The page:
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The “Silver Brass” of the Silent Drill Platoon

In the late 1970’s, the number one rifle inspector
with the Marine Corps Silent Drill platoon passed on his
brass, or the buttons and emblems from his uniform, to his
successor. The brass continued to be passed on, and over
time, the cleaning and polishing turned the once gold-colored
brass silver.

“Being able to wear the silver brass and to be
privileged to fill the prestigious roll of rifle inspector is
an honor,” said Cpl. Tyler Dutton, the number one rifle
inspector for the SDP. “It took a lot of hard work and
dedication over the past three years to get to this point.
My time will soon be up and it’ll be my turn to pass on the
brass.”

Dutton isn’t the only Marine to display the coveted
silver brass. Each member of his inspection team, or the
Marines that perform during the rifle inspection, display
the brass in their own unique way. The first Marine in the
inspection, or the “single,” has silver slip rings on his rifle.
The next Marine, known as the “throw out,” has a silver
gas tube on his rifle. The last Marine in the inspection, or
the “double,” has a silver charging handle on his rifle. The
inspector himself wears silver buttons, emblems, waist plate
and screw posts.

“Being on the drill team is an honor. Being on the
inspection team is a privilege,” said Dutton. “My team put in
a lot of time and hard work to make it. Knowing the amount
of responsibility they have, they practice every day after
everyone else is done to make sure they are at their best.”
This year was a memorable one for the SDP.

Captains Ted Hubbard and Matt Smith, previous and current
parade commanders, familiarized Col. Christian G. Cabaniss,
commanding officer of the Barracks, with the tradition.
Shortly after, Cabaniss brought it up with Gen. James F.
Amos, commandant of the Marine Corps, who then officially
presented the silver brass back to the SDP, reviving the
retired tradition.

When crowds flock to the Marine Corps War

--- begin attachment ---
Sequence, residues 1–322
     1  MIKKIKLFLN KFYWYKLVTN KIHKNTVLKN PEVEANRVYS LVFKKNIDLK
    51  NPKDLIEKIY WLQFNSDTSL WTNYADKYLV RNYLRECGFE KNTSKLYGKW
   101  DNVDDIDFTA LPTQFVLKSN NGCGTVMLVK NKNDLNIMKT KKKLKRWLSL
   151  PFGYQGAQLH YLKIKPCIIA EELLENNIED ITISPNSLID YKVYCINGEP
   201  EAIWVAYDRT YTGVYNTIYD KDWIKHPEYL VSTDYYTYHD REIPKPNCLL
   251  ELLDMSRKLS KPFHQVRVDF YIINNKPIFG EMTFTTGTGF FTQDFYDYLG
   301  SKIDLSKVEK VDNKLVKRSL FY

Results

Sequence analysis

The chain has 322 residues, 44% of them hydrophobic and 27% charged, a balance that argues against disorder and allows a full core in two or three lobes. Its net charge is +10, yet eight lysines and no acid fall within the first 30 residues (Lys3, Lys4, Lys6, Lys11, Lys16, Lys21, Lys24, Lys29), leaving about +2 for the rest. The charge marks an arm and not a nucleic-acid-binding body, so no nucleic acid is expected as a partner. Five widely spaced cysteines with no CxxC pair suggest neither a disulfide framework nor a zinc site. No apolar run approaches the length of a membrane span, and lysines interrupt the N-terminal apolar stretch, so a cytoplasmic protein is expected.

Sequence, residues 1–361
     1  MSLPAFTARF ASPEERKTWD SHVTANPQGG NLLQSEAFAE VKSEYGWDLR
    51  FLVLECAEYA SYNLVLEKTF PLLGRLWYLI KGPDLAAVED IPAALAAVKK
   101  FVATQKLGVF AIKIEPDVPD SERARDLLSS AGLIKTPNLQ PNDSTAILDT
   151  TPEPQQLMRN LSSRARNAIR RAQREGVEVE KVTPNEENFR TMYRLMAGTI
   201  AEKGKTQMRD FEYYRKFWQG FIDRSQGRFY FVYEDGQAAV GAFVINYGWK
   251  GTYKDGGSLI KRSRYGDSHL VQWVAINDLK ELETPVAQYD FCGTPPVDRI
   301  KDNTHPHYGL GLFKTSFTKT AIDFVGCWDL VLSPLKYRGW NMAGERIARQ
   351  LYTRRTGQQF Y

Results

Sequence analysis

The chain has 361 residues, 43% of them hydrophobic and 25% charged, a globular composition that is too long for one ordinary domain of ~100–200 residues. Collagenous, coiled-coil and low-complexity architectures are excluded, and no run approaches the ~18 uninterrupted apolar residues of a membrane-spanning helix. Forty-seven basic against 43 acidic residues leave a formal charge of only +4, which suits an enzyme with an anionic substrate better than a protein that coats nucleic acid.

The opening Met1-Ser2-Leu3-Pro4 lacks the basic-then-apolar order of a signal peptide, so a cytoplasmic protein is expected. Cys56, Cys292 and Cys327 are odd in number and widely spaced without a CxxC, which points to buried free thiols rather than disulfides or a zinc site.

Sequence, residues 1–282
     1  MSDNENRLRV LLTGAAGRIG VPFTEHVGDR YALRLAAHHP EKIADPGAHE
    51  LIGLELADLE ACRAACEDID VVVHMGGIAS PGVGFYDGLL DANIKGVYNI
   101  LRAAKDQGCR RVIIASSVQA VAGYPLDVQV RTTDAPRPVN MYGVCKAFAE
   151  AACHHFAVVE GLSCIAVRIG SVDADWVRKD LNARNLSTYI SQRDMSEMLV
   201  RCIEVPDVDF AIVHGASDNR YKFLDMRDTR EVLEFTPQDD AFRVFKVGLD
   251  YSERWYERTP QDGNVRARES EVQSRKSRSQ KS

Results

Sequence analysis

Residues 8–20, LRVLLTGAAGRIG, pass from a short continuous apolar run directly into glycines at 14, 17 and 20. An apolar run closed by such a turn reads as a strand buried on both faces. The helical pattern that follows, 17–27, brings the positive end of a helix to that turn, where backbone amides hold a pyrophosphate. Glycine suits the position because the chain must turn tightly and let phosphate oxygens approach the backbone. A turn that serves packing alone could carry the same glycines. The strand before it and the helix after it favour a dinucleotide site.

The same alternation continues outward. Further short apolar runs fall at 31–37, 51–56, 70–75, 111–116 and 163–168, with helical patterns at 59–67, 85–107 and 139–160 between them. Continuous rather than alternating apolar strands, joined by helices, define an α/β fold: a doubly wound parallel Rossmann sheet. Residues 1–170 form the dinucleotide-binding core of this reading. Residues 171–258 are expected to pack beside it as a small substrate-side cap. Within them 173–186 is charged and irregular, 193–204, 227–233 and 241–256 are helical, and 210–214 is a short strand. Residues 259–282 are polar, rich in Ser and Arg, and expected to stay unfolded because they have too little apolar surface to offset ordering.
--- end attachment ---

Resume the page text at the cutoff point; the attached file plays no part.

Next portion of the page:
Memorial in Arlington, Va. or pack the seats at the Barracks
for a parade, a sense of history and tradition is clear. What
isn’t are the little details, practices and traditions Marines
cherish most.

“I will never forget the time I have spent on the
platoon with my brothers,” said Dutton. “The silver brass is
the platoons; I’m just the lucky one who gets to wear it.”

From Pass in Review, Apr-Jun 2013, WWW.BARRACKS.MARINES.MIL

Making Things More “Ceremonialer”

“Ceremonialer” is the term I created as I’ve watched members of the military, first responders (many who are veterans), and cadets perform movements that do not bring any more reverence or honor to what they are doing at ceremonies .

Similar terms would be:

When it comes to the American flag and rendering honors, never should anyone use the thinking, “It’s not specifically prohibited, so we can do it.”

While the following may seem like more of a personal pet peeve of mine (which they are) than anything else, there is reasoning behind why a team should not perform these movements and techniques.

The Head Bow

  • Description: During Casket Watch, the Watch Guards posted at the casket bow their heads until the Relief Watch Arrives for the changing of the guard(s). This is also applicable to other ceremonies.
  • Why not to do it: When at the position of Attention, Parade Rest, or Ceremonial at Ease, the head and eyes are straight forward. Period. Another reason not to do it is, communication. It can be very difficult to nearly impossible to communicate with posted Watch Guards during a memorial service. Communication is crucial during ceremonies and the Watch Commander needs to make eye contact with the posted Guards and those guards need to be aware of what is going on around them. I also highly recommend “unarmed” guards (no rifle, or fire axe)
Casket Watch Preferred Technique- Heads up. Courtesy of Today.com

The Colors Presentation

  • Description: the rifle guards spin their rifles in between positions or the team moves into a completely unauthorized configuration for a colors presentation.
  • Why not to do it: The Flag Code and a service drill and ceremonies manual/The Honor Guard Manual are the resources required for the color guard to perform its job properly. That’s it. Never add any flamboyant movement or team configuration. There is a reason for the minimal standards that are written in the guidance; less is more. Stick to that.
Spangdahlem Air Base (Germany) Honor Guard in France, 2010.

The Flag Fold

  • Description: Two team members march to the front of the room with an American flag, they unfold it, open it up fully, and refold it before presenting the flag.